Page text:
The New Mexico Supreme Court took the state GOP’s side Monday in a dispute with New Mexico election officials over how broadly to expand mail-in voting for the state’s upcoming elections due to the pandemic.
The court issued its order after a two-hour-plus hearing, conducted over Zoom, the Las Cruces Sun News reported.
Twenty-seven local clerks — with the backing of New Mexico Secretary of State Maggie Toulouse Oliver (D) — had sought the court’s permission to essentially transform New Mexico’s June 2 election into an entirely mail-in election (though in-person voting would be available to those who needed it).
Their lawyers told the court on Monday, according to Las Cruces Sun News, that the overhaul could not be done legislatively because calling a special session would require under law that legislators physically gather. They said they were merely asking the court to interpret existing election code rather than change the law, which already allows for special elections to be conducted via mail.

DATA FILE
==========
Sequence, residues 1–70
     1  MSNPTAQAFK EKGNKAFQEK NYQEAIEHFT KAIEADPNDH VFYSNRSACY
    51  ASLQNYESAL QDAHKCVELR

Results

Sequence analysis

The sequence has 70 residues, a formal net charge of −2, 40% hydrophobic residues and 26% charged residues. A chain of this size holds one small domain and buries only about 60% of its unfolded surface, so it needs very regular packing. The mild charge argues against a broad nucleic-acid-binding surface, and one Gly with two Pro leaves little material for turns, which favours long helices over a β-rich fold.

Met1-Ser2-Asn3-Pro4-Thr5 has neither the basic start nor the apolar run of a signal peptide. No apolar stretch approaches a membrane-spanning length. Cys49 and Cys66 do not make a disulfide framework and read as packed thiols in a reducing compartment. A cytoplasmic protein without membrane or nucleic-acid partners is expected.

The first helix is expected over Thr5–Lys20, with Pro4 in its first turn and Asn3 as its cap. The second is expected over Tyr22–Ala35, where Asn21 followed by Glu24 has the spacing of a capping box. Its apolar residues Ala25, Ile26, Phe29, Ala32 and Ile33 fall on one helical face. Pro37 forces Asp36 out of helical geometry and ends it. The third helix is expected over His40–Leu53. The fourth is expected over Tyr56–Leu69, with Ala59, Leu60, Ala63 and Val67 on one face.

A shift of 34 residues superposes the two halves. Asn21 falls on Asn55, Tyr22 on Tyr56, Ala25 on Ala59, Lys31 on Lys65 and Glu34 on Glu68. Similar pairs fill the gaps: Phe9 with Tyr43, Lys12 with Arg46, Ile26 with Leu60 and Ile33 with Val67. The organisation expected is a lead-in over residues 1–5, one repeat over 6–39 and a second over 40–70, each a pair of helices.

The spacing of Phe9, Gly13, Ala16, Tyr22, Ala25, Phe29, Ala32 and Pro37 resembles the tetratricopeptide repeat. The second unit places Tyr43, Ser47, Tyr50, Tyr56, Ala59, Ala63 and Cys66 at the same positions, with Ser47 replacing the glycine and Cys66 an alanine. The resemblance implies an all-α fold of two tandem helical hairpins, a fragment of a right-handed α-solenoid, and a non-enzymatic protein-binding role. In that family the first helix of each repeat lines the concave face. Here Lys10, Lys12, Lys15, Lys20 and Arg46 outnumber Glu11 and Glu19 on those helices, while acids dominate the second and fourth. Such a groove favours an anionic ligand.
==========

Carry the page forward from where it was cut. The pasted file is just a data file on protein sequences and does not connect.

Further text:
Their request was initially filed unopposed, but the New Mexico Republican party, with the support of a voter fraud alarmist group, filed a lawsuit to block the request. The GOP claims that mail-in voting system the Democratic officials were seeking to implement — in which every registered voter receives a ballot in the mail — was susceptible to fraud.
The Republicans instead backed a system in line with New Mexico’s current absentee voting practices, where voters must apply for mail-in ballots before the ballots are sent to them. The court backed the approach, according to Las Cruces Sun News, while adding that it would order clerks to mail the ballot applications to all voters.
The court fight was one of several playing out across the country as voter advocates and election officials grapple with how to protect voters in the pandemic. Only a handful of states already have the infrastructure in place to smoothly administer elections largely done by mail.
- -Hiring More Journalists
- -Providing free memberships to those who cannot afford them
- -Supporting independent, non-corporate journalism